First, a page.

Wednesday, October 20, 2004

Thank You Tom

Dear Tom Rathke,

Thank you very much for taking the time to read my ideas and the trouble to comment on them. Your courage, passion, and cunning made for a very enjoyable evening. I hope you are reading this letter even after the "spirited defense" of my honor your first venture into the Agora stirred up. The majority of those who gather here are my former students. It's a bit ironic that, having spent most of their years with me pointing out what a narrow minded ideologue I am, they would chasten you for saying the same thing. That irony turned bitter-sweet when you (Tom) had the kindness to call my anonymous rantings "eloquent", and my good friend Bryan pointed out that there are only nine people in the world who care to read them. Tom, thank you for being number ten.

My defenders, to whom I am most greatful, have made a good point - you need to attack my arguments and ideas, not me. (I hope I taught them that!) Tom, you need to point out why I am so misguided. You need to answer the questions. We learn by throwing out ideas, taking positions, and then challenging them. The clash of ideas purges out the truth. You begin this process when you claim President Bush can't be trusted on the draft by saying he lied about Iraq. But you don't give any evidence to support your claim. I argue that President Bush has remained true to his original claim, that Saddam's regime had to be removed because it was a danger. Mass graves, gigantic abuses of the Oil for Food Program, clear intentions to subvert U. N. sanctions and develop WMD's, and the active support of terrorism; all have supported the President's postion. A position he has not changed. Kerry, on the other hand, supported the war on the same evidence and criteria that Bush did, then refused to fund it when shilling for votes during the Democratic primary. After claiming that anyone who didn't think removing Saddam was worth it was not fit to be President; Kerry now says that removing Saddam wasn't worth it. Kerry has openly longed for the "stable days of dictatorship". I claim, on these arguments, that it is John Kerry whom we cannot trust. Tom, it is your job to deal with these "facts." Explain them away with logic or refute them with evidence. The size or shape of my mind has nothing to do with it, nor does my name.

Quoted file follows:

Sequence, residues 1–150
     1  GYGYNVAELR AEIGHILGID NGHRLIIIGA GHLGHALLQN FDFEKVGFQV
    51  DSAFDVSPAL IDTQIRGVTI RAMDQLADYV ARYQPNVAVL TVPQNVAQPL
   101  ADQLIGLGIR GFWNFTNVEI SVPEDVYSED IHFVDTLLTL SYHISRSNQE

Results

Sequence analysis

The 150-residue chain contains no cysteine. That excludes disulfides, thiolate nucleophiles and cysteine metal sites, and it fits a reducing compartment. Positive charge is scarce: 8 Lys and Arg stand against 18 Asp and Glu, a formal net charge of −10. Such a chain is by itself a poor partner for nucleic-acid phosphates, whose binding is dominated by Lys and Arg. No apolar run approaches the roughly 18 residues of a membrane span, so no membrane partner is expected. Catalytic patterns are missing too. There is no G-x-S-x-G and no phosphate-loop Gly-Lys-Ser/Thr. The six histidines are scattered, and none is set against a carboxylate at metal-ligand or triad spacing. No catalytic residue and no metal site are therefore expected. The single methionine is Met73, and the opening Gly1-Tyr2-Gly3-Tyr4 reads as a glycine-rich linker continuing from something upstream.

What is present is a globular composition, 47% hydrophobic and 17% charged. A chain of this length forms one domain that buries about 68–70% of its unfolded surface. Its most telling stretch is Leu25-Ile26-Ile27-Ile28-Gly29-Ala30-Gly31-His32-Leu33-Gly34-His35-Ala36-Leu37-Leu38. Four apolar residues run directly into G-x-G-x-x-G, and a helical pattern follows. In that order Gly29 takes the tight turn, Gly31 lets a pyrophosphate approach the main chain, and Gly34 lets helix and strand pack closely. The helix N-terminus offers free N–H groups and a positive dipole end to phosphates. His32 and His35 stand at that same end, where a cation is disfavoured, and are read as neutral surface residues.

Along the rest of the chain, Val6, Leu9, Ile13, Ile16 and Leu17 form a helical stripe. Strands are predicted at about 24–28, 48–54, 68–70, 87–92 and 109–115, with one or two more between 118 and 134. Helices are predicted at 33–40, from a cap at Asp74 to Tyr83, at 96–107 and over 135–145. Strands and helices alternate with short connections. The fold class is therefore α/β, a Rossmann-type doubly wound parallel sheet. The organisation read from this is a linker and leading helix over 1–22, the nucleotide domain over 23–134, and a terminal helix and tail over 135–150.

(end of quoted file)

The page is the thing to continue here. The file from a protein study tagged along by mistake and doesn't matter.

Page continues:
There is a good chance we will have to spend the next four years dealing with "President Kerry"; maybe you can make me feel good about it.

I eagerly await your comments. You are always welcome in the Agora and I believe that if you stick around and engage us, you will find a diversity of opinion that you can greatly enrich and benefit from.

Lisis

P. S. Tom - I tried to vist "splatrabbit". Loved the graphic!!! It says your "COMMING SOON". I look forward to that.

5 comments:

RealFruitBeverage said...

Well well seems like I take a little break from posting comments at this blog and everything goes to a whirlwind of ranting and raving. I want everyone to take a step back, take a deep breath, and realize both sides (right and left) want one thing in common. That common thing (well it’s actually three things) is an open discussion about the issues, hopefully a little progression towards the truth, and finding the best way to run this country. I had originally intended this comment for the previous post, but I feel it will do here in a pinch.